So, I am rightfully wary about making predictions about this year's potential bounty. Still, I think that I will do all right and redeem myself.

In case you're wondering, here's an inventory of what's growing:

** Cherry tomatoes, 3 plants, 2 varieties (orange sungold and sugary); fruit just beginning to ripen, weather's been perfect - wish I had grown more plants.
** Watermelon, 8 plants, 2 varieties; dozens of blossoms emerging along the vines (yikes! that's a lot of watermelon); looks like, we'll be serving homegrown watermelon at our neighborhood's end-of-summer/back-to-school picnic.
** Peppers, 2 plants, 2 varieties (1 mariachi - hot, 1 red knight -mild); lots of blossoms, fruit just beginning to appear, will plant more next year if this year's crop is tasty, like the fact that the plants are small and low maintenance.
** Herbs: basil, thyme, sage, rosemary, tarragon; ready to use, we eat homemade pesto spread on homemade bread - could eat this everyday.
** Mint: 5 flavors (chocolate, grapefruit, orange, Kentucky peppermint, mint julep); have used the leaves all summer in tea and ice water, made a minty syrup for mint juleps, S wants me make him a mojito.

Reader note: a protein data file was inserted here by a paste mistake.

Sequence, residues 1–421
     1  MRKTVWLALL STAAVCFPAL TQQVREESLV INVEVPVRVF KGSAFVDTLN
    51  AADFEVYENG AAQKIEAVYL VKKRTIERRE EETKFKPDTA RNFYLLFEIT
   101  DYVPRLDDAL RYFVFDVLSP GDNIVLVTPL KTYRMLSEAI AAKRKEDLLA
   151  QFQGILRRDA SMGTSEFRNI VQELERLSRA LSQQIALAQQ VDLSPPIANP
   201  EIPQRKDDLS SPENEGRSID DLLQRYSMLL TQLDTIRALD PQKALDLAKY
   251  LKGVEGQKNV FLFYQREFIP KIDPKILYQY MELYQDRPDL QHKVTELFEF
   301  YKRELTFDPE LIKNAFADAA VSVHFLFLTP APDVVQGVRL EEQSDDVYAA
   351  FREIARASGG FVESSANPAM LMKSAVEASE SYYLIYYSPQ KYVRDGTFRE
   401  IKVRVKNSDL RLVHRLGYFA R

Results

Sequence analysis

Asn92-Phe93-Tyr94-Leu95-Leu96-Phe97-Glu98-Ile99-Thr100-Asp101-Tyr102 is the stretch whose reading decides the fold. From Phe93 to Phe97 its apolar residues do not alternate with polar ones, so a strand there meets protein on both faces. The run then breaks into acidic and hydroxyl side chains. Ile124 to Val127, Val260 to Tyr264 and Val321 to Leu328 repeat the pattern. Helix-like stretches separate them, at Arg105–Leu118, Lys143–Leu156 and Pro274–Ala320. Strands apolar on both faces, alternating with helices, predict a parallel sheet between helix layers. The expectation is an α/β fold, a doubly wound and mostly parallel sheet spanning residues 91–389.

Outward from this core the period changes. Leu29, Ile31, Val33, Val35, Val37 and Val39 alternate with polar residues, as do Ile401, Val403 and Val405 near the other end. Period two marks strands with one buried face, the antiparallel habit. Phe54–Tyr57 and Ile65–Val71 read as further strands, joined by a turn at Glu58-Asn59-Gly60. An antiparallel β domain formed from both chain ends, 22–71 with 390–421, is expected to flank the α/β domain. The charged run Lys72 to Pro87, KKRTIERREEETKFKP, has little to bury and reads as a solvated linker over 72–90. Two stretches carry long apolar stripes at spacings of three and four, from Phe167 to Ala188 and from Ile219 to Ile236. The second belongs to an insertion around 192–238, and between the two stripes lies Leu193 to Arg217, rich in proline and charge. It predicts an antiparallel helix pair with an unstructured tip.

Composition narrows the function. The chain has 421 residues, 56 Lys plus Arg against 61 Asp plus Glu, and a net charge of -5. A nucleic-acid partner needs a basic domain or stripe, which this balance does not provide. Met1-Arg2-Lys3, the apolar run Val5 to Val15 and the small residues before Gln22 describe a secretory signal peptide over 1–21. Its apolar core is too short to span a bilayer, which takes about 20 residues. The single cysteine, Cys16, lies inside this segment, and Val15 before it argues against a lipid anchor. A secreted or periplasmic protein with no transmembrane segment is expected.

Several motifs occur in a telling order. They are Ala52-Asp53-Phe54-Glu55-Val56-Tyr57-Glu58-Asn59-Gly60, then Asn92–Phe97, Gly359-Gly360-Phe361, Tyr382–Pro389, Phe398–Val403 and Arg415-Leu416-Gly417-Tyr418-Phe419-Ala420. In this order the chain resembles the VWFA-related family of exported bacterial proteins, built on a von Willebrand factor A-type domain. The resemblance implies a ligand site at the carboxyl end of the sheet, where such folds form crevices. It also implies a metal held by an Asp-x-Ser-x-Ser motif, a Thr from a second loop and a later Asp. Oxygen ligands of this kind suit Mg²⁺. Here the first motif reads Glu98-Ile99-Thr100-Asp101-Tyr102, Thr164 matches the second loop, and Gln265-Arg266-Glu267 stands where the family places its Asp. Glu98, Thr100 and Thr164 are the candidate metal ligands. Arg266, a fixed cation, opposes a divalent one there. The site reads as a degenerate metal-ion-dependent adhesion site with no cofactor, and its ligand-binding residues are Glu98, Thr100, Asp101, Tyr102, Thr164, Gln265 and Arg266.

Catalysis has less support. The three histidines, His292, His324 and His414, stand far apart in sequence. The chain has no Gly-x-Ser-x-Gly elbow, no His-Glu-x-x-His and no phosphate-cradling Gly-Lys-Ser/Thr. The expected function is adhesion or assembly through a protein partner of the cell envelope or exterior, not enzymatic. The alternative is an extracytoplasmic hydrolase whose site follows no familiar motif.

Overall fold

No berries this year. The six goji berry plants need more time to mature. The raspberries - well, I don't know what's wrong with them.

Probably nothing.

Maybe next year.

For this blessing, I am grateful.


Photo: Orange sungold cherry tomatoes

Wednesday, August 01, 2007

Wednesday, 01 August 2007 - Great friends, perfect weather, excellent climbing

Dear God:

Today, I am thankful for great friends, perfect weather, excellent climbing.

We finally connect with our friends, Mark and Chris, for an after-work climbing adventure in Red Rock Canyon. We've tried to meet all summer, but work, other commitments and inclement weather have gotten in the way.

We rendezvous at the Solar Slab just before 6 PM. S had already lead the easy but smeary 5.6 route and top-roped it for Mark and Chris (Chris, Mark's girlfriend, is a beginner while Mark, an experienced climber, is out of shape). S then leads two harder, adjacent routes for us to climb (a 5.8 that we've climbed before and a 5.10a that S on-sites and I red-point).

And what about T? Well, he has the best time of all.

T relishes the hike into the canyon along the groomed trail, sniffing the overgrown shrubs and frequently checking his "pee-mail." While we climb, he chews scrub oak branches or lies quietly behind the belayer, intently watching the climber.

He knows, of course, that his good behavior will not go unrewarded.

Here's the routine:
At the end of each climb, T waits for the climber to step onto solid ground. At that moment, T rushes forward to greet the climber. He waits patiently while S and I discuss the route and sip water from our canteens. We turn to him and say "good dog" several times. Finally, T gets his highly-anticipated reward: a handful of dog treats that he immediately devours. Then, he settles down and waits for the climbing-treat cycle to complete its course once more.

For this blessing, I am grateful.